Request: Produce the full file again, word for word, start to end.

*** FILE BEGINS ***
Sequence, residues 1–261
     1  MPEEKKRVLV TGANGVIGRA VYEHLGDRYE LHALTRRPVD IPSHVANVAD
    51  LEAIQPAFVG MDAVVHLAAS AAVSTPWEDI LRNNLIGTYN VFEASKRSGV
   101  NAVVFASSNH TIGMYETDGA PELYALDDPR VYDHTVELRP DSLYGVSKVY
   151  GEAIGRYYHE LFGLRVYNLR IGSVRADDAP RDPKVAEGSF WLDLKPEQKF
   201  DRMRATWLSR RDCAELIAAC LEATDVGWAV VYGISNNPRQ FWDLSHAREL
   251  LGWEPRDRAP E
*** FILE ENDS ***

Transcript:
Sequence, residues 1–261
     1  MPEEKKRVLV TGANGVIGRA VYEHLGDRYE LHALTRRPVD IPSHVANVAD
    51  LEAIQPAFVG MDAVVHLAAS AAVSTPWEDI LRNNLIGTYN VFEASKRSGV
   101  NAVVFASSNH TIGMYETDGA PELYALDDPR VYDHTVELRP DSLYGVSKVY
   151  GEAIGRYYHE LFGLRVYNLR IGSVRADDAP RDPKVAEGSF WLDLKPEQKF
   201  DRMRATWLSR RDCAELIAAC LEATDVGWAV VYGISNNPRQ FWDLSHAREL
   251  LGWEPRDRAP E